A new study shows the Milwaukee Brewers and Miller Park have had a $2.5 billion economic impact in Wisconsin over the past two decades, including $1.6 billion in direct spending.
“Being a ‘major league city’ makes a difference not just in civic pride, but also in terms of our regional attractiveness to employers and talent,” said Steve Baas, senior vice president of governmental affairs and public policy for MMAC.
The study was conducted by Conventions, Sports and Leisure International for the Metropolitan Milwaukee Association of Commerce. It found the state has collected over $605 million in taxes to pay for the ballpark, which has drawn nearly 3 million people on average to Milwaukee every year since 2001.
“Having things like major league baseball, NBA basketball, a world class ballet and symphony are distinctive ‘intangibles’ that give our region an edge over many of our peer cities when competing for jobs and talent,” Baas told WisBusiness.com.
Before 2001, the Brewers had played at Milwaukee County Stadium. But fan attendance rose nearly 80 percent in the first year after Miller Park was built. According to the study, Brewers game attendance was ranked 8th in the league last year despite the team being based in the smallest market in Major League Baseball.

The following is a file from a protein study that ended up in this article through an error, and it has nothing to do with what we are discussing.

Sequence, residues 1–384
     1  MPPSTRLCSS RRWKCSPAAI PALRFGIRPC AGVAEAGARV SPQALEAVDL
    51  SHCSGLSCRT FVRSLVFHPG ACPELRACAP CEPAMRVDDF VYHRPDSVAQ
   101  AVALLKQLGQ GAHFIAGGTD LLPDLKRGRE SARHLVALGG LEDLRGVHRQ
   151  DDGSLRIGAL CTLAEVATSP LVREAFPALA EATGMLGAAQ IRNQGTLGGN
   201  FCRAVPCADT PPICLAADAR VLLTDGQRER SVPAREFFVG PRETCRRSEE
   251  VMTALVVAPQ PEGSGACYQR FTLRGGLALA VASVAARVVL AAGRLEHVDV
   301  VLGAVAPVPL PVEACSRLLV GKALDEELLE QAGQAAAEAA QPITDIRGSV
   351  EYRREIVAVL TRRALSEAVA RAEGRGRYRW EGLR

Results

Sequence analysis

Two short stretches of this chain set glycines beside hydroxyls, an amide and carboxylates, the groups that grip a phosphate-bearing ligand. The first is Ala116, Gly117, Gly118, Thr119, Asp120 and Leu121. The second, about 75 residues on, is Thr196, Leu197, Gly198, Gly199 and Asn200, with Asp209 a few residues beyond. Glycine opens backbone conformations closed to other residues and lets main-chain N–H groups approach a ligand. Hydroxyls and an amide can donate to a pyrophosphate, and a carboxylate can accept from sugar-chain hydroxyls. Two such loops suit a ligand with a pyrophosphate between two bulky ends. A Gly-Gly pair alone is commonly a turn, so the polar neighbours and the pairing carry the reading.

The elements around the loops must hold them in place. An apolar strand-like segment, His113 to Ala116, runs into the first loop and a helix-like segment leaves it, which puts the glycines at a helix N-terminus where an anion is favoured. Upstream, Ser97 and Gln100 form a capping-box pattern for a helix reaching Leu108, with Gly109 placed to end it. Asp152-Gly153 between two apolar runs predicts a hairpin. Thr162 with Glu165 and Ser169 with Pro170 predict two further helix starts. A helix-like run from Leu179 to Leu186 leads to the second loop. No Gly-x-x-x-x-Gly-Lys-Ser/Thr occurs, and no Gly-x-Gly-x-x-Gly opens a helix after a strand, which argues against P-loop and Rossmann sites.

Returning fans will see a new name on the front of the ballpark next year, as American Family Insurance recently announced Miller Park will be renamed American Family Field in 2021.
Around 22 percent of Miller Park event attendees live within the city, while 38 percent live in Milwaukee County. Eighty-six percent of attendees live in the state.
Miller Park’s construction was funded by a 0.1 percent sales tax levied on the surrounding five counties: Milwaukee, Ozaukee, Washington, Waukesha and Racine. That stadium tax is near its expiration date, and MMAC President Tim Sheehy says the study confirms it was well worth it.
“This report gives welcome validation that the public-private partnership with the Brewers that Southeast Wisconsin entered into two decades ago has been an economic success for the region and the entire state,” Sheehy said in a statement.
The report also shows the Brewers and Miller Park created over 1,800 jobs each year, and lead to $1.2 billion in personal earnings.
The Brewers’ presence in Milwaukee also generates significant media exposure for the state overall. The study estimates the team and Miller Park created $37.7 million in media exposure value for the state between Oct. 1, 2018 and Sep. 30, 2019.
Aside from the 81 regular season games held at the stadium each year, Miller Park also hosts MLB exhibition and postseason games as well as concerts, banquets and other gatherings.
The Brewers have independently spent around $106.8 million on maintenance and upgrades to the ballpark over the past two decades. And Brewers license plates sold by the state Department of Transportation have generated around $2.5 million since 2010, the study shows.
–By Alex Moe